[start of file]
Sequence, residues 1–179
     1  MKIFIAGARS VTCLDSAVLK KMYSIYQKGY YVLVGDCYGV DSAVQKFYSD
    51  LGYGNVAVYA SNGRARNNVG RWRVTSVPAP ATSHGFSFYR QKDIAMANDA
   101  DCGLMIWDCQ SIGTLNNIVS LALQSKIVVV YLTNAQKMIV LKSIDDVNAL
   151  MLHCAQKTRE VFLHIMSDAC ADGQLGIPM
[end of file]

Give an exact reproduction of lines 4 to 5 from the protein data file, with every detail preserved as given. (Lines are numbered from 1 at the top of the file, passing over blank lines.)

   101  DCGLMIWDCQ SIGTLNNIVS LALQSKIVVV YLTNAQKMIV LKSIDDVNAL
   151  MLHCAQKTRE VFLHIMSDAC ADGQLGIPM